Updated, 4 p.m. Aug.27: Hurricane Laura was officially downgraded to a tropical storm Thursday afternoon, but state officials in Louisiana are warning residents to remain cautious.
In a news conference, Gov. John Bel Edwards said remaining storm bands still are causing floods in the state. A storm surge near Cameron, La., where Laura made landfall early on Thursday, topped at least 12 feet and may have reached 15 feet.
"Its a lot of storm surge but not the 20 feet we were told," he said.
Damage was still being assessed in a region that is home to a range of petrochemical and plastics plants. One fire reported in the area was caused by a chlorine leak at BioLab, a maker of pool chemicals.
Consulting firm ICIS noted that the hurricane prompted more shutdowns at refineries than anticipated.
Paul Bjacek, a consultant with Accenture based in Houston, said on Linkedin that about 75 percent of U.S. petrochemical and polymer manufacturing capacity is in the pre-declared disaster areas of Texas and Louisiana.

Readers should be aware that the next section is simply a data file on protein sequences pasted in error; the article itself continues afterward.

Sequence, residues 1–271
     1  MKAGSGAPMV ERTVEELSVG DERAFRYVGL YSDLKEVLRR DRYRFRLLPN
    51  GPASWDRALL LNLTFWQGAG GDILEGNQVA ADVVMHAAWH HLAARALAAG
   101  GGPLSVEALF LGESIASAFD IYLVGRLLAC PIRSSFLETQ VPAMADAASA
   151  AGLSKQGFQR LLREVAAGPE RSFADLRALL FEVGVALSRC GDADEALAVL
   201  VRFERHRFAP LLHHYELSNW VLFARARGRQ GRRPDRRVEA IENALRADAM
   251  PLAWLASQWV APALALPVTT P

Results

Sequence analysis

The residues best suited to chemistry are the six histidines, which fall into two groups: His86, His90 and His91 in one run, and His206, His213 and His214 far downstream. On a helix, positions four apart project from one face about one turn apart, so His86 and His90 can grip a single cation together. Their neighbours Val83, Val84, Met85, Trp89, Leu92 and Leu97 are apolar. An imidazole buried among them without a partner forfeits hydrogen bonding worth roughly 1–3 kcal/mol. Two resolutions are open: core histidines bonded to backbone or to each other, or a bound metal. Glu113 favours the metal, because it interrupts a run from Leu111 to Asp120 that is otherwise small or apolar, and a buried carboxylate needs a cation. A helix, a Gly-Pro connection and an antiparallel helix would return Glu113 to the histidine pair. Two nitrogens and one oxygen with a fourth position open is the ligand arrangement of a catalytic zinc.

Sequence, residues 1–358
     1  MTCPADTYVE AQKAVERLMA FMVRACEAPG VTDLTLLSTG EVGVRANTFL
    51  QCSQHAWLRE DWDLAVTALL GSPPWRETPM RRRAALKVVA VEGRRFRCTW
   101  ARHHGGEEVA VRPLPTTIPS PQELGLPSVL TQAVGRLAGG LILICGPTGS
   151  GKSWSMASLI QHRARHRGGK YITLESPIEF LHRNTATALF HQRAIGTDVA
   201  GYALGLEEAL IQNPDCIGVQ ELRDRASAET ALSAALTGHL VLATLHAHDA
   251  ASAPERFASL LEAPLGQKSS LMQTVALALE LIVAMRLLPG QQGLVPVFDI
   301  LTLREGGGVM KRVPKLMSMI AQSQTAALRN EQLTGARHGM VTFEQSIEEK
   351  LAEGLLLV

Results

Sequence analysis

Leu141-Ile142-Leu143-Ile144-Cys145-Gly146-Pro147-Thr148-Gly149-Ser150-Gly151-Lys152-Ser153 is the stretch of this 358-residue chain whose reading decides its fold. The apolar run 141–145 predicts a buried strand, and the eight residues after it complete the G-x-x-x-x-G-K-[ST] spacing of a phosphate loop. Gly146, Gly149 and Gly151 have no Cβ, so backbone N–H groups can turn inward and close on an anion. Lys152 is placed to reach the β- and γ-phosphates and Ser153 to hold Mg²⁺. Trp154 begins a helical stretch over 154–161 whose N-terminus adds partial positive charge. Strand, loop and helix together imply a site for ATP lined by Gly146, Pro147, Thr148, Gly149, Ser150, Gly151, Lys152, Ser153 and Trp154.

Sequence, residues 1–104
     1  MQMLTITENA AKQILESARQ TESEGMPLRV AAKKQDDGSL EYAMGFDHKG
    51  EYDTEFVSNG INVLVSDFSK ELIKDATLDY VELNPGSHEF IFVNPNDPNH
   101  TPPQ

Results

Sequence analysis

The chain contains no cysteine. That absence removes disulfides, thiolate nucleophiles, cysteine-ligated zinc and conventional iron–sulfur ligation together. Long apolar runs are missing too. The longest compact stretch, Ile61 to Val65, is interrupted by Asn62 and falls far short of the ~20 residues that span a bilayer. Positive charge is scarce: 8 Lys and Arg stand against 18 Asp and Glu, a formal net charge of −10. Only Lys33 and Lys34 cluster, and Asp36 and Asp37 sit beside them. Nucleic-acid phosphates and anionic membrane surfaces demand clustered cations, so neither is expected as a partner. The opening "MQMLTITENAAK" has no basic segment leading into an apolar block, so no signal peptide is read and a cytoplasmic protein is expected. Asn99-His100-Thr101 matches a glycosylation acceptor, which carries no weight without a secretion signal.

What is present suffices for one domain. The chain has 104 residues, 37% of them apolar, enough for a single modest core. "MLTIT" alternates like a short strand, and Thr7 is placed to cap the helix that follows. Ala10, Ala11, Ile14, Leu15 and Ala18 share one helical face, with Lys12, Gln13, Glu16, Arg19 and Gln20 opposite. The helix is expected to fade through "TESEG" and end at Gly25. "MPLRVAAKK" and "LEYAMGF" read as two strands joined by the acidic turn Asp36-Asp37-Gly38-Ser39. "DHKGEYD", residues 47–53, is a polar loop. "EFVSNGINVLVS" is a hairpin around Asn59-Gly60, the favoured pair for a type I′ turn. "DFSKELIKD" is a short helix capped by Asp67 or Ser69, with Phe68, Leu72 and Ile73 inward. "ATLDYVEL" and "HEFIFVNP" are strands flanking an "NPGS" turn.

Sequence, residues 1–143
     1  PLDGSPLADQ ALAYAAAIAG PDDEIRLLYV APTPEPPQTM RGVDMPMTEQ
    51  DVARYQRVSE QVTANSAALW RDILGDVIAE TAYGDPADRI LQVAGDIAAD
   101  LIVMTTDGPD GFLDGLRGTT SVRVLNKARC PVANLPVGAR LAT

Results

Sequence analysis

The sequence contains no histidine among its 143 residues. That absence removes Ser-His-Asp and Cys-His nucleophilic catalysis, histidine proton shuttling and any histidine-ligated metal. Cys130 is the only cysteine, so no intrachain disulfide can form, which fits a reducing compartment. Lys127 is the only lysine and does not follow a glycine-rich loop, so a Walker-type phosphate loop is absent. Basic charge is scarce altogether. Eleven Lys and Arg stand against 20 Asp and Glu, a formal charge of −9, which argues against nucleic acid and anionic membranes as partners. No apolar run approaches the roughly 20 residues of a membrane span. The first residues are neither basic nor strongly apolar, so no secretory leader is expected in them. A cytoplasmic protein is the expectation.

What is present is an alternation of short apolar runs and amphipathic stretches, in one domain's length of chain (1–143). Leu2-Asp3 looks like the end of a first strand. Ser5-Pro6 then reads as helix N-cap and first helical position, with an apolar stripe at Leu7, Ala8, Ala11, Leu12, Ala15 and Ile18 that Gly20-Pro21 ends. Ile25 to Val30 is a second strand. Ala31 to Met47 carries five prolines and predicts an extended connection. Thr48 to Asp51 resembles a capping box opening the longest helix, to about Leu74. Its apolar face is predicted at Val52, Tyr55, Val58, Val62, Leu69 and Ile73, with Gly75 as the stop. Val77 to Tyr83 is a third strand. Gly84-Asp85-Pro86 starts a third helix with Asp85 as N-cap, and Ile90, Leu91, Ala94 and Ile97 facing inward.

The National Hurricane Center said damaging winds will continue through northern Louisiana and Arkansas through today, while high storm surge waters continue to be an issue along the Gulf Coast.
The region is an area heavily populated by plastics and petrochemical plants. A lot of this same region previously went through the floods that followed Hurricane Harvey.
Materials plants started preparing for Laura earlier this week, preemptively shutting down and sending most workers home.
If you have information on the impact of the storm, feel free to reach out to us, and we'll share it with our readers.
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